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Don't be fooled by drugs in disguise

Wednesday, February 22, 2012

Sold as herbs, incense, bath salts and even plant—food the latest substances used and abused by teens sound innocuous. But make no mistake, says a Menninger Clinic addiction expert, they are drugs.

 

"So many new and potentially dangerous drugs arrive on the street almost every day, it is hard to keep up," says Richard Capriola, LCD, a licensed addictions counselor with The Menninger Clinic's Adolescent Treatment Program. "But because parents play an important role in getting their kids off of drugs and alcohol, it is important that they keep tabs on the constantly evolving drug scene."

 

Popular drugs marketed under deceptive sounding names include:

  • Synthetic marijuana: Sold as incense, "Spice" and "K2," synthetic marijuana mimics the look and the high of marijuana, but is more potent. The drug may cause dangerously elevated blood pressure, pale skin, vomiting, severe and potentially life threatening hallucinations and, in some cases, seizures. In February 2011, the Drug Enforcement Agency (DEA) used temporary emergency powers to declare some of the chemicals in synthetic marijuana illegal. However, by constantly changing the formula of their products, manufacturers skirt the law and sell them legally.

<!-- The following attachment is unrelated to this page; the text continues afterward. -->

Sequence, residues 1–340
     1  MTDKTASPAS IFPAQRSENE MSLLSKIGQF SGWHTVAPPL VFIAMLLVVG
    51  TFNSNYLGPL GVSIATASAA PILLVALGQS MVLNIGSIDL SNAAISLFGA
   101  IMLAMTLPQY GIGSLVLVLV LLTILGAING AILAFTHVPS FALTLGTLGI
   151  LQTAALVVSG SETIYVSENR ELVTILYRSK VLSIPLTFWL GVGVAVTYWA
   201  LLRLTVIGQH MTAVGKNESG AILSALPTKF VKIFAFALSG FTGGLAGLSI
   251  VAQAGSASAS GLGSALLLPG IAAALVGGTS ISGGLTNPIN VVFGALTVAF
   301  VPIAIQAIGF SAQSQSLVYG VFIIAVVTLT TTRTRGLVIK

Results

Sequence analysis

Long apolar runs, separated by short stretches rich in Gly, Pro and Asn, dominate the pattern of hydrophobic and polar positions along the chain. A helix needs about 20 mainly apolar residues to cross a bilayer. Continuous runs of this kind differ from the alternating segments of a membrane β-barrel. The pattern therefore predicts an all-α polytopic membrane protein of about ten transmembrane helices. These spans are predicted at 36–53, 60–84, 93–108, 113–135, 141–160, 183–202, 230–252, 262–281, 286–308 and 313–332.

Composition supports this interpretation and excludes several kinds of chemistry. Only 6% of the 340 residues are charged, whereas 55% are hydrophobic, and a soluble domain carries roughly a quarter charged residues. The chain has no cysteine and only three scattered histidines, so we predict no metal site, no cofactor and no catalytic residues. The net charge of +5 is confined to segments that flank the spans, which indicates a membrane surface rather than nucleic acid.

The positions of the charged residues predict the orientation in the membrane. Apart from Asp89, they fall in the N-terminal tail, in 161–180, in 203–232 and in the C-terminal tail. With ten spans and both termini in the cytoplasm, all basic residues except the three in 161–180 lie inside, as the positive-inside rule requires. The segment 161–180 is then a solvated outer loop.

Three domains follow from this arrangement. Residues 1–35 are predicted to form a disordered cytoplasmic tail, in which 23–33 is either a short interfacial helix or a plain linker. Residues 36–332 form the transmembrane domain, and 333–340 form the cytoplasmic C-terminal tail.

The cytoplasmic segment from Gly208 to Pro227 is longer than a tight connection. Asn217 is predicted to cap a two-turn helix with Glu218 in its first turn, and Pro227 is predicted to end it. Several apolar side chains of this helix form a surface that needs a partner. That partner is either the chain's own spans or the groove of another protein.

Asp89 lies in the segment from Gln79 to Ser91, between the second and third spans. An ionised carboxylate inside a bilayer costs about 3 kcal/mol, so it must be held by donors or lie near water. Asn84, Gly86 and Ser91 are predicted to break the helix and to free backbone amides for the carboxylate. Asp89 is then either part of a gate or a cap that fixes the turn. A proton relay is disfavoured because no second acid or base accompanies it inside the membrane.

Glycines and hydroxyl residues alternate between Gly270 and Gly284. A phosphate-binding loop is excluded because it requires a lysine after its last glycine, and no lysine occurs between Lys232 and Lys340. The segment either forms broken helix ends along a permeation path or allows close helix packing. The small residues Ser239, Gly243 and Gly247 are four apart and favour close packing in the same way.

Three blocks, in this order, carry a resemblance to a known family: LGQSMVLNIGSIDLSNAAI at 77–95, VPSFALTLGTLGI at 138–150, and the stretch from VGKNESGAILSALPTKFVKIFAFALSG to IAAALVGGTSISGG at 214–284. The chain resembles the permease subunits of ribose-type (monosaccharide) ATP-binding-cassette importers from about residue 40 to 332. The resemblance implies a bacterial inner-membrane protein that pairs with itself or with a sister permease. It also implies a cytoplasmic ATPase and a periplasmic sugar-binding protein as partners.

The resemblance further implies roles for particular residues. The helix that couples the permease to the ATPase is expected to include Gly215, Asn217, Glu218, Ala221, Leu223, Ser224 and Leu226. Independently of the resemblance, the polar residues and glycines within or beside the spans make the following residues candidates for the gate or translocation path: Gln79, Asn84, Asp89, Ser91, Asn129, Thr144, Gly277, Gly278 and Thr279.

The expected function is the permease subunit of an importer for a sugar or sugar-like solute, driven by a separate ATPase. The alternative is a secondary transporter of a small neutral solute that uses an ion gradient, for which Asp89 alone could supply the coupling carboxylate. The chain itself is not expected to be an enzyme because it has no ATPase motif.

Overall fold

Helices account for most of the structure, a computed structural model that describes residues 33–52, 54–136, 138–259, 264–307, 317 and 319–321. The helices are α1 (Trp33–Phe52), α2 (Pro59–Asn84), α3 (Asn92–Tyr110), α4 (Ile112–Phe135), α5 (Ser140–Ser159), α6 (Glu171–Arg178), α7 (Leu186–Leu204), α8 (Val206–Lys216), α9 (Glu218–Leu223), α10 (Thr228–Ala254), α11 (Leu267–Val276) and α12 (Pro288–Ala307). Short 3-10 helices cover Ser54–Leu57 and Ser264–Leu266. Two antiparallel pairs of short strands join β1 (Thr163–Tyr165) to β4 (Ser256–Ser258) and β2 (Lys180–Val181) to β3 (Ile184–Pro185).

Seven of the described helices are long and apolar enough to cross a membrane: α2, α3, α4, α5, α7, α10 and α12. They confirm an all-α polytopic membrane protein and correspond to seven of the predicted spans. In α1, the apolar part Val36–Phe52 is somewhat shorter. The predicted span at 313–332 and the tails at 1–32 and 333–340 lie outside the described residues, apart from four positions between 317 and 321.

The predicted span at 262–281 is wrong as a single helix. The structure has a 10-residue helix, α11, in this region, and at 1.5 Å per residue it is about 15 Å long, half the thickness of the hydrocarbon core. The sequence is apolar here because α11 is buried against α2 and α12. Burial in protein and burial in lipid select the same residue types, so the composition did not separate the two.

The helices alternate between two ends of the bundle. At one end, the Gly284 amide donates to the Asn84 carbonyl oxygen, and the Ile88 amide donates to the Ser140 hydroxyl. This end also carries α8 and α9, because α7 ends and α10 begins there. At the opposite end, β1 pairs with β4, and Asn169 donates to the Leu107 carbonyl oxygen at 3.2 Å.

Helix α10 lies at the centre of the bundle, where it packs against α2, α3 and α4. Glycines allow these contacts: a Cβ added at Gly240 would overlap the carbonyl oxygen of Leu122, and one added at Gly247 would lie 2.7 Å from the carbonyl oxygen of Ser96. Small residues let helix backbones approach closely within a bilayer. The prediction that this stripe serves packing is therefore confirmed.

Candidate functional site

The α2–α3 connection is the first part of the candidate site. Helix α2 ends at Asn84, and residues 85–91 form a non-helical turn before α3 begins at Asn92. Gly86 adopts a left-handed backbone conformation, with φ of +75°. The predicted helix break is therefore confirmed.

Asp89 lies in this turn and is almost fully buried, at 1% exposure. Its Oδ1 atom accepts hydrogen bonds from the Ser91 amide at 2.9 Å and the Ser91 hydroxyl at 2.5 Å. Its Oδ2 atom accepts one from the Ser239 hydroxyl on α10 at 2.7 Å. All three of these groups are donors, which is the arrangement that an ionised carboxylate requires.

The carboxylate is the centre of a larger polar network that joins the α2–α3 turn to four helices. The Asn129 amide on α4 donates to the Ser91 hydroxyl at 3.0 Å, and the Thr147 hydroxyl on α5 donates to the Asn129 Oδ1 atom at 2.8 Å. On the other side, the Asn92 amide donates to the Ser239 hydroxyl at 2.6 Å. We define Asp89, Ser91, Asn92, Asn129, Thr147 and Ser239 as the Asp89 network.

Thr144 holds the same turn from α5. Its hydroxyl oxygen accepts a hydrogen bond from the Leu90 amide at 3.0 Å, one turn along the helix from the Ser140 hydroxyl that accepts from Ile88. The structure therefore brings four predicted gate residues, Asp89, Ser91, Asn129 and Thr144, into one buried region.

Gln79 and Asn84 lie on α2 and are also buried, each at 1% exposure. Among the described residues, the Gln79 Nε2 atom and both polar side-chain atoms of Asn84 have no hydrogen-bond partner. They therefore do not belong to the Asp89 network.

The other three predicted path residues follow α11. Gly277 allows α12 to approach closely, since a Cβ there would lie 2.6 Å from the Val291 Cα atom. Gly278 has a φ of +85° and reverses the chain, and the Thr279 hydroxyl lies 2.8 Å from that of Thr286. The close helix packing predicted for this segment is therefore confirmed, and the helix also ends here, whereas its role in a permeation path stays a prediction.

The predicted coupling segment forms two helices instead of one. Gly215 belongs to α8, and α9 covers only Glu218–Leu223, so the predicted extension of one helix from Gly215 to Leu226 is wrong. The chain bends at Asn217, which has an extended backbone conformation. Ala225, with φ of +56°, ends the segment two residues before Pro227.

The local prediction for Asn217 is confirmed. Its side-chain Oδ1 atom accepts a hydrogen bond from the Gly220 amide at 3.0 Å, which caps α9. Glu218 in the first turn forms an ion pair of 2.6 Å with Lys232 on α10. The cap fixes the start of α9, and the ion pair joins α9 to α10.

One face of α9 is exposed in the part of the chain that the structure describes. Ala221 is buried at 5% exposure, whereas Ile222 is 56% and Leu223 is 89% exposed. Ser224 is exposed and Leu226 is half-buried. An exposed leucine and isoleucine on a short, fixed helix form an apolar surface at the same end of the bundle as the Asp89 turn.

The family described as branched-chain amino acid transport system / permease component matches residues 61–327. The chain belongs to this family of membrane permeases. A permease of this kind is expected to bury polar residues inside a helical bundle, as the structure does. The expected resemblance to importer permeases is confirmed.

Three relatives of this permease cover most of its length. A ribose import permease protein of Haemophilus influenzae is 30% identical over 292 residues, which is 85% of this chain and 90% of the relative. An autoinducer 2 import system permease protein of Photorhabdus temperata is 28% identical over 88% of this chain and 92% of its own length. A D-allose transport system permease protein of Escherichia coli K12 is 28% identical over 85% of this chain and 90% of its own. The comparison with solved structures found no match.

• Bath salts: Deceptively sold as "bath salts" or "plant food," these products are powerful psychotropic substances containing the drugs mephedron (M-Cat) or methylenedioxypyrovalerone (MDPV), which produce hallucinations and stimulate the body. They come in capsules, tablets or white power that can be swallowed, snorted or injected. Side effects include paranoia, insomnia, addiction, rapid heart rate and suicidal thoughts. Based on increasing reports from poison control centers, hospitals and law enforcement agencies, the DEA issued an emergency action in 2011 to make bath salts illegal.
  • Salvia: Marketed as an ancient and natural way to have psychedelic experiences, salvia is an herb in the mint family. The drug gives users a quick, but short high, when chewed, smoked or taken as a tincture (a medicinal extract in an alcohol solution). Because salvia decreases the ability to interact with one's surroundings, the drug has prompted concern about the dangers of driving under its influence. While the DEA has designated it a drug of concern, salvia is not illegal, and can be purchased online or at head shops.

For more about commonly abused substances and drugs, visit The National Institute for Drug Abuse.